Cassandra has moved. Ugo Bardi publishes now on a new site called "The Seneca Effect."

Thursday, August 1, 2013

Peak shale oil? What peak?

A graphic contributed by Jean Laherrere indicating that shale oil production in North Dakota may soon peak and start declining.

This figure, made by Jean Laherrere, deals with oil production from the "Bakken Shale," a geological formation existing in large part in North Dakota. Shales may contain oil deposits, in most cases in the form of "tight oil." This is oil is trapped in a porous matrix which cannot flow to the surface without the help of sophisticated fracking technologies (you can find a nice illustration of the process here). The recent revival of oil production in the United States, which gave rise to so much optimism on the future of oil production, is almost solely related to use of these technologies for the exploitation of the Bakken Shale. 

The problem is, of course, for how long it will be possible to maintain the rapidly growing production trend from the Bakken deposits. In the figure, Laherrere shows the oil production in North Dakota (ND prod) in thousands of barrels per day (kb/d) as well as the number of exploration rigs (nb rigs). Laherrere has also shifted the rigs curve forward of about one year, in order to match the production curve.

Now, it is clear that you cannot produce anything that you haven't previously found. So, it is well known that production in a certain area mirrors exploration, but it is shifted forward in time. With conventional oil, the time lag between discoveries and production is of the order of 30-40 years. With oil from shales, it seems to be much faster: wells are rapidly put into production but also have a short lifetime.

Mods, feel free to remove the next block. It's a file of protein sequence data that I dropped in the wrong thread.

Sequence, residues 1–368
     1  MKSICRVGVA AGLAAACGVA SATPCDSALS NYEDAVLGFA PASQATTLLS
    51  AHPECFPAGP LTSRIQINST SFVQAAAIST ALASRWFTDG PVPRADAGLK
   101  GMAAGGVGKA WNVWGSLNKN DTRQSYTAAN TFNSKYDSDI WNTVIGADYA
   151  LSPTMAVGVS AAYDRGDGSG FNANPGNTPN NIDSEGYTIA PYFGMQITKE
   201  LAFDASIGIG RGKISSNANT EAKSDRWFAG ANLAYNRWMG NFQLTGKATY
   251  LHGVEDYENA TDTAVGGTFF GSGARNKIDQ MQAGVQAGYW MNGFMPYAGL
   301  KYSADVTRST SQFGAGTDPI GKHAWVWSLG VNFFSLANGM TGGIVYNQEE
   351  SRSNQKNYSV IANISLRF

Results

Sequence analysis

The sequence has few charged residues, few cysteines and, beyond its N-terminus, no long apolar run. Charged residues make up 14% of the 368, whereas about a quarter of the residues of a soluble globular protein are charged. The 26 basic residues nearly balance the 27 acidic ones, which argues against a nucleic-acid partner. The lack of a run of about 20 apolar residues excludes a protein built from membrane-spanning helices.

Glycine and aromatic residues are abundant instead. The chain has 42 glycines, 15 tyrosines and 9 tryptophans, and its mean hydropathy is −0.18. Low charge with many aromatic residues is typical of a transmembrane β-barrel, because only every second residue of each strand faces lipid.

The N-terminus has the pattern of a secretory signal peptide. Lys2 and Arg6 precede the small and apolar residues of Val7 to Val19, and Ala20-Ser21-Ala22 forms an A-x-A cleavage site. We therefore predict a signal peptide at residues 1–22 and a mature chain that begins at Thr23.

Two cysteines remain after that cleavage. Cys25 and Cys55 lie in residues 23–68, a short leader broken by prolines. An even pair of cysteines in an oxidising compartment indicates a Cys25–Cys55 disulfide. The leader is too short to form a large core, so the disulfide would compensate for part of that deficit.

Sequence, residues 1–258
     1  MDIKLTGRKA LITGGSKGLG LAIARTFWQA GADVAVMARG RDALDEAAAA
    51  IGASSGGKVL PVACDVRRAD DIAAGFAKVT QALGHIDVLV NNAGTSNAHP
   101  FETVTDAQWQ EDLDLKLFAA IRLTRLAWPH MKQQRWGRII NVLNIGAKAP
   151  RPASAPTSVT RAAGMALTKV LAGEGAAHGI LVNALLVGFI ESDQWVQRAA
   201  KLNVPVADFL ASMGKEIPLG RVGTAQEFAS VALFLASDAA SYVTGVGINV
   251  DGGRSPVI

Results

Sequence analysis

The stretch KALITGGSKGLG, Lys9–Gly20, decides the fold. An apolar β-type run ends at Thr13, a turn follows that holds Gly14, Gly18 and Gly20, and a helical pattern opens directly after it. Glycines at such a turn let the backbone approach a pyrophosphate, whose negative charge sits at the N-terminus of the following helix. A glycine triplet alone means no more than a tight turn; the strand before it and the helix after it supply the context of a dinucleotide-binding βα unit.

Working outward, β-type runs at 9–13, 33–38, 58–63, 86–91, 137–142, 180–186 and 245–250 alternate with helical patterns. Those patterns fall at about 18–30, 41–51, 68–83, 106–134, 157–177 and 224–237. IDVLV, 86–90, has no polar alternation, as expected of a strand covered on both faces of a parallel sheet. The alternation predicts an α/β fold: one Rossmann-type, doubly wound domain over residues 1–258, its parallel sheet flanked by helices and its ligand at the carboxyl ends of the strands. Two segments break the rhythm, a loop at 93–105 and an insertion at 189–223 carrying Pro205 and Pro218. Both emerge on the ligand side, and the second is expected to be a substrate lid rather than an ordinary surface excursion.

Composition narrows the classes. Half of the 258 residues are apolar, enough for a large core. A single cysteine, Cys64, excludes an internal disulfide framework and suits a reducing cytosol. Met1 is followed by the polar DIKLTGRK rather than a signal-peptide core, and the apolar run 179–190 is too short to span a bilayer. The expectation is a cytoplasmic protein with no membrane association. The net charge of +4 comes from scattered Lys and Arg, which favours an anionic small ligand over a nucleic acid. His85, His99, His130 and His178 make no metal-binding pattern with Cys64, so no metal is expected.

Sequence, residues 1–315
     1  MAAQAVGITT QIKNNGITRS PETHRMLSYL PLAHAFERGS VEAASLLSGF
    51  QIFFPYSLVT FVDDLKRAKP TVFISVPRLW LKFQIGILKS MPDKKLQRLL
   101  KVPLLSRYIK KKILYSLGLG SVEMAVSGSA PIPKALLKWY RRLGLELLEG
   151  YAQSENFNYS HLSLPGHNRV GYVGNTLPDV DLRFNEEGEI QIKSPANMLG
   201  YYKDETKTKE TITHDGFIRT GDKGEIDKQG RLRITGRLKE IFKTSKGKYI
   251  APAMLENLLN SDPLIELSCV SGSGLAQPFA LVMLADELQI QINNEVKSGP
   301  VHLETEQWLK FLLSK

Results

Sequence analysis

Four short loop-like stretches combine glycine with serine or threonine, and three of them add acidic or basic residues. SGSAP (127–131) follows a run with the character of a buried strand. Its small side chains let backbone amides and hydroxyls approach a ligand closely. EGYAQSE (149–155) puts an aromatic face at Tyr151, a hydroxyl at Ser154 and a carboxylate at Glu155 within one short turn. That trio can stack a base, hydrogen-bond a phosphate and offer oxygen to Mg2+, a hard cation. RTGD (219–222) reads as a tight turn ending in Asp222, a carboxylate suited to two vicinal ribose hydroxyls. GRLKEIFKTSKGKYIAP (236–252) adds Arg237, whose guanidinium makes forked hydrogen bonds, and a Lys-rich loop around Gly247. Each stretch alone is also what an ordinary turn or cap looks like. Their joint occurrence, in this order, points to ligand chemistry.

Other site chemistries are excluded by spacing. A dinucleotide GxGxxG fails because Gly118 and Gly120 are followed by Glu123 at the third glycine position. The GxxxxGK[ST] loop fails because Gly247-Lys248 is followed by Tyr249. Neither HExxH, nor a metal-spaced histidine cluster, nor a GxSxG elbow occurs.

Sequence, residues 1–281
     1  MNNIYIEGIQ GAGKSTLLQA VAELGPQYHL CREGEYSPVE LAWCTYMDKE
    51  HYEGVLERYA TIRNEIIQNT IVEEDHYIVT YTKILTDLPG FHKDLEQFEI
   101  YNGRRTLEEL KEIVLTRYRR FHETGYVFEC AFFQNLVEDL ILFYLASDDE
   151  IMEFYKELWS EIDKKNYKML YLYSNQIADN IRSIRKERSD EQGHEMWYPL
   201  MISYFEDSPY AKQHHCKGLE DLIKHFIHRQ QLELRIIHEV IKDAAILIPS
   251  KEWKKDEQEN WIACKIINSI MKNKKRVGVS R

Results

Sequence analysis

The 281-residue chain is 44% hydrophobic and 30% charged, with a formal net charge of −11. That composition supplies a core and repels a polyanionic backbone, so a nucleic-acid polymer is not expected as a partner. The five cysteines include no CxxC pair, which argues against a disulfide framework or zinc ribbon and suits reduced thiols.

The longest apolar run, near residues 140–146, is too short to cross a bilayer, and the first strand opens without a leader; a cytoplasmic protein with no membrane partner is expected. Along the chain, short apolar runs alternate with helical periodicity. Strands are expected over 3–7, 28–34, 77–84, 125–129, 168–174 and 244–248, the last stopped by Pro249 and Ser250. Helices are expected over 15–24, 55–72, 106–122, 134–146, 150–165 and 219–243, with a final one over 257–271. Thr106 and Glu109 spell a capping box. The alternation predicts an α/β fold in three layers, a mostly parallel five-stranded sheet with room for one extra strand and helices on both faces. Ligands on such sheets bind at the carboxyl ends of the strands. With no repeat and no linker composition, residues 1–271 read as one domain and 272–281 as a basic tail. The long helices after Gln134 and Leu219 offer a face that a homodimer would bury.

In the figure, Laherrere finds a time lag of just around one year. And, since we see a drop in the number of exploration rigs in 2012, it seems likely that production will start declining soon, perhaps during the present year.

This is a conclusion that has to be taken with caution since the drop in the number of exploration rigs could be just a temporary phenomenon. But it is also true that the exploitation of shale oil is expensive in terms of resources and energy required. In the end, as always, it is a question of EROEI: we can only have the oil we can afford to extract.

On this subject, see also a post by Stuart Staniford on the Bakken Shale production that arrives to conclusions similar to those of Laherrere. See also a post of mine which examines shale gas production using the same method. See also an extensive article by Jean Laherrere on the recent trends of oil production.

Also, I am adding a second graph, kindly provided by Jean Laherrere, that examines production in Montana using the same method. It shows that it makes sense to shift the number of rigs of one year forward to match the production curve.


Ugo Bardi is a member of the Club of Rome, faculty member of the University of Florence, and the author of "Extracted" (Chelsea Green 2014), "The Seneca Effect" (Springer 2017), and Before the Collapse (Springer 2019)